'Summer House with Swimming Pool': the stage is set for scares
From the Dutch author Herman Koch, thrills ensue when a physician’s family visits an actor’s
June 7, 2014 9:23 PM
Mark Kohn/ Random House
Herman Koch drags you in, complexities and all.
By Kathleen George
There are all kinds of scary novels, and this one, out of the Netherlands, Herman Koch’s “Summer House With Swimming Pool,” is perhaps the most unsettling sort. It’s devilish.
The first-person narrator is Marc Schlosser, a general practitioner. He’s a grumpy, dissing fellow, not unlike the narrator of the author’s recent dark thriller, “The Dinner.”
Marc is not what you most want to believe a doctor is like. He does his job, all the while looking at the clock, smiling placidly. But he is cataloguing the disgusting traits in the human bodies before him. Folds of fat, breath that smells bad, wrinkles, sagging genitals, hairy butts. He hates it all. And what right does he have? Well, he’s funny. That buys him some leeway. Might we feel the same way, then, if we were doing his job?
There are other things Marc doesn’t like. Artists. And their art. For this general practitioner seems to have a clientele that is well-known or famous or is trying mighty hard to be those things.
"SUMMER HOUSE WITH SWIMMING POOL"
By Herman Koch Hogarth ($24).
Among the performances Marc has had to endure: “ ’The Taming of the Shrew’ in which all the roles were played by women, ‘The Merchant of Venice’ with the actors in diapers and the actresses wearing garbage bags for dresses and shopping bags on their heads, ‘Hamlet’ with an all-Down-syndrome cast, wind machines, and a (dead) goose that was decapitated onstage.” So he groans to get free tickets to “Richard II.” Yet he and his wife, who feels the same way about pretentious artists and their boring work, make an exception and attend.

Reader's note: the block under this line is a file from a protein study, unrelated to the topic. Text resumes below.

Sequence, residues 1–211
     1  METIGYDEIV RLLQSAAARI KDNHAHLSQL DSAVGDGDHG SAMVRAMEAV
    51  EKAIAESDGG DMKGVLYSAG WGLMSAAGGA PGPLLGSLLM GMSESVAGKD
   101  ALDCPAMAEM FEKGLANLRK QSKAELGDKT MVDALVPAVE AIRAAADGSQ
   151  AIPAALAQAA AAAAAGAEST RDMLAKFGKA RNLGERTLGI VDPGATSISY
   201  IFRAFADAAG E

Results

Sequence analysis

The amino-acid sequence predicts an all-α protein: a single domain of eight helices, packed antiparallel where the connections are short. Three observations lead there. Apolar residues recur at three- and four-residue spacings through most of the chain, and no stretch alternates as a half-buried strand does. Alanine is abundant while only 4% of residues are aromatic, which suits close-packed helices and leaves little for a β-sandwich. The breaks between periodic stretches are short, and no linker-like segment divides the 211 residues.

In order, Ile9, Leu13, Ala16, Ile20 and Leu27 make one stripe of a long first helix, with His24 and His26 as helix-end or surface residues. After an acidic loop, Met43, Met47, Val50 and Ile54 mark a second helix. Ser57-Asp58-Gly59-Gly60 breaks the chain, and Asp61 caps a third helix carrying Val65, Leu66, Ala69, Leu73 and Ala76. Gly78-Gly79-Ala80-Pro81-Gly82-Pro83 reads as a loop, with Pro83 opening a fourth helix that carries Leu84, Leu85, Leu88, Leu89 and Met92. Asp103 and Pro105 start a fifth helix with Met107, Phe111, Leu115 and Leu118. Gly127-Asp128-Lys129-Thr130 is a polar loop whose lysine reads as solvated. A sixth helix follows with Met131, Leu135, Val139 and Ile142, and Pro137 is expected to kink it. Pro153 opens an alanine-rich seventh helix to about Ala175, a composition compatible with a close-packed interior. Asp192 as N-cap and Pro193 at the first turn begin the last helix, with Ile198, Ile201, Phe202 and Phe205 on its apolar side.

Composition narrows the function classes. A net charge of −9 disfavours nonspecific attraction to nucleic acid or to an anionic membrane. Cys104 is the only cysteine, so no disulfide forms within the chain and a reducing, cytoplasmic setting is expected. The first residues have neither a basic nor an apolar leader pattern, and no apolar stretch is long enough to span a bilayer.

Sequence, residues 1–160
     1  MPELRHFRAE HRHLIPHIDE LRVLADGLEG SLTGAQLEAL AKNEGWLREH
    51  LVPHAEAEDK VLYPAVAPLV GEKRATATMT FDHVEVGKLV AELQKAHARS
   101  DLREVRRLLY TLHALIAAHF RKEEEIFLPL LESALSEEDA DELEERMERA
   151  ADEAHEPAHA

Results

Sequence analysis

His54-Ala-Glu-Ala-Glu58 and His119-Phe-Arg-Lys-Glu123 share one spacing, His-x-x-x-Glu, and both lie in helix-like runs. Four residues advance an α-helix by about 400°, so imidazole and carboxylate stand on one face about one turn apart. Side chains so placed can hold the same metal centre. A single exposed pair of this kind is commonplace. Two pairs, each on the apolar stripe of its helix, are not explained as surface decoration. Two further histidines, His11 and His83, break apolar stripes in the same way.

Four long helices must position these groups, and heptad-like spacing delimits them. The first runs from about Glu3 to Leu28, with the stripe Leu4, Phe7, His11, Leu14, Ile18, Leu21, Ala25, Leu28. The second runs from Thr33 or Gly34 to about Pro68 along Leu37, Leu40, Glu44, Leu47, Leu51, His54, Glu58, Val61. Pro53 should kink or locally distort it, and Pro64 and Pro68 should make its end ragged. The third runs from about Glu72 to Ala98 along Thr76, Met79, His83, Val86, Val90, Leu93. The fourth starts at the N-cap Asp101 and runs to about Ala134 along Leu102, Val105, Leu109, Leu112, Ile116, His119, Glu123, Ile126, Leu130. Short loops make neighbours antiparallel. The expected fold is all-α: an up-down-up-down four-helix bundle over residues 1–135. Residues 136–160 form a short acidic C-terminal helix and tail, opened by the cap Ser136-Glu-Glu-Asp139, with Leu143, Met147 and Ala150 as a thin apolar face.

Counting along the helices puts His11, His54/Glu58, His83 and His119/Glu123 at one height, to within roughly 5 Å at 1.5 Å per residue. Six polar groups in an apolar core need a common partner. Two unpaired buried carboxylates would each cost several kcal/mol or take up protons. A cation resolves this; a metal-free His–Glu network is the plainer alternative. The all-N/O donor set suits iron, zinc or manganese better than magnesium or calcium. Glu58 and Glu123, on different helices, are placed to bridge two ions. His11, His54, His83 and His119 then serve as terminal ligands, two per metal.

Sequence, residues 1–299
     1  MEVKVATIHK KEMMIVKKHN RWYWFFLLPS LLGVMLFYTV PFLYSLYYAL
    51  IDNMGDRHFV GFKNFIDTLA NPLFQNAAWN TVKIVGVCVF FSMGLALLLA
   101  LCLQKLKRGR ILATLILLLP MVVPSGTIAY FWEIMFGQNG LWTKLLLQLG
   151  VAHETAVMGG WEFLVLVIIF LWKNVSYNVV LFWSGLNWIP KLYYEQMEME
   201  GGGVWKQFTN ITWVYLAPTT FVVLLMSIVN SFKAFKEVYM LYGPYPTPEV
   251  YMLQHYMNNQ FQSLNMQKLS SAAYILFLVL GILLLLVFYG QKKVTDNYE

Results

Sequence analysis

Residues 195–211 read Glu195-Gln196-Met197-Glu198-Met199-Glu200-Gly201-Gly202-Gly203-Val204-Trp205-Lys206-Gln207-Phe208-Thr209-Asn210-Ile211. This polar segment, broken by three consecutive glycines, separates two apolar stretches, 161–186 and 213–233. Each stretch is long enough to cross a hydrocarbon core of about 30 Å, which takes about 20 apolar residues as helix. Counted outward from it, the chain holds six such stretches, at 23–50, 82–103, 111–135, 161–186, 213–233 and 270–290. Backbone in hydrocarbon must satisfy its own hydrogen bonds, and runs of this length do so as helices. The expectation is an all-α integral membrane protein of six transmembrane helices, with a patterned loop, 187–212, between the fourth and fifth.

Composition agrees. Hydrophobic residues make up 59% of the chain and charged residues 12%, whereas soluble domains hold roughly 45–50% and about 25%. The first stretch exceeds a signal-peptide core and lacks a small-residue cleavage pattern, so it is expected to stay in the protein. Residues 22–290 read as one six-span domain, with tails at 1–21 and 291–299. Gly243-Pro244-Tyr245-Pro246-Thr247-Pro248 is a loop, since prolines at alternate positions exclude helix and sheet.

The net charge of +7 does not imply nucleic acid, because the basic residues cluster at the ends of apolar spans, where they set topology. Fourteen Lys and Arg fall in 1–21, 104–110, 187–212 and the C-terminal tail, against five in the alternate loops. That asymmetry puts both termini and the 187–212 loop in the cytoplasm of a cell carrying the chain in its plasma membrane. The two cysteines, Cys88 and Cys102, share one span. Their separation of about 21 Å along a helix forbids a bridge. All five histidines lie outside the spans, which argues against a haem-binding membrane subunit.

The play isn’t so bad. They get a charge out of swilling down liquor with the artistic elite at the after party. And they get to snort with amusement that the famous actor Ralph Meier actually licks his chops as he looks at Marc’s lovely wife, Carolyn.
It turns out that the famous Meier and his wife Judith are so taken with the Schlossers that they invite them (and their beautiful young daughters) to a party and then to a summer house (with swimming pool). Other guests are a famous movie director and his young girlfriend.
You’ll be hooked. The summer house isn’t that fancy. Mr. Koch’s observations are right on the money. Marc looks with surprise at a heavy dark wood dining table and chairs covered in red velveteen. “The owners are British,” Judith Meier explains.
Details like this help support the descriptions of the people who behave more like frat boys than accomplished adults. Meier leers over Carolyn and the girls. Marc starts a little something with Judith. The Meiers have two sons who glom onto the two gorgeous Schlosser girls. The young girlfriend of the director sleeps a lot, Meier pulls down bikini bottoms, and everybody becomes more compromised as the vacation week progresses.
This isn’t a paradise at all. There is discomfort (even to sleeping in a tent on hard ground). Marc craves a dinner of meat, but his host keeps slapping fish on the grill.
That host, Ralph Meier, is as self-absorbed as they come. He doesn’t even notice that his hand goes into his pants when he looks at the young beauties.
All the while Marc’s own libido argues with his innate disgust for any body that isn’t beautiful. He’s a strange narrator, admitting to things most people would talk themselves out of. Brutally honest at times, self-deceived at other times, willing to use his profession to hurt, he’s … different and interesting and in the end, terrifying.
Is this a swimming pool read? Kind of. You’ll want to know who did what to whom and why and how far the lies go. You’ll marvel at how close Europe is to America.
You might want to give up when the juggling of plot threads gets so complicated that you don’t care if the bowling pins fall. Why juggle eight when two would make a very good show? But you won’t likely stop because you’re in. You’re in for the long haul. And you also might think twice about baring your butt for the doctor next time around.
Kathleen George is a professor at Pitt. Her most recent books are “A Measure of Blood” and “The Johnstown Girls.”
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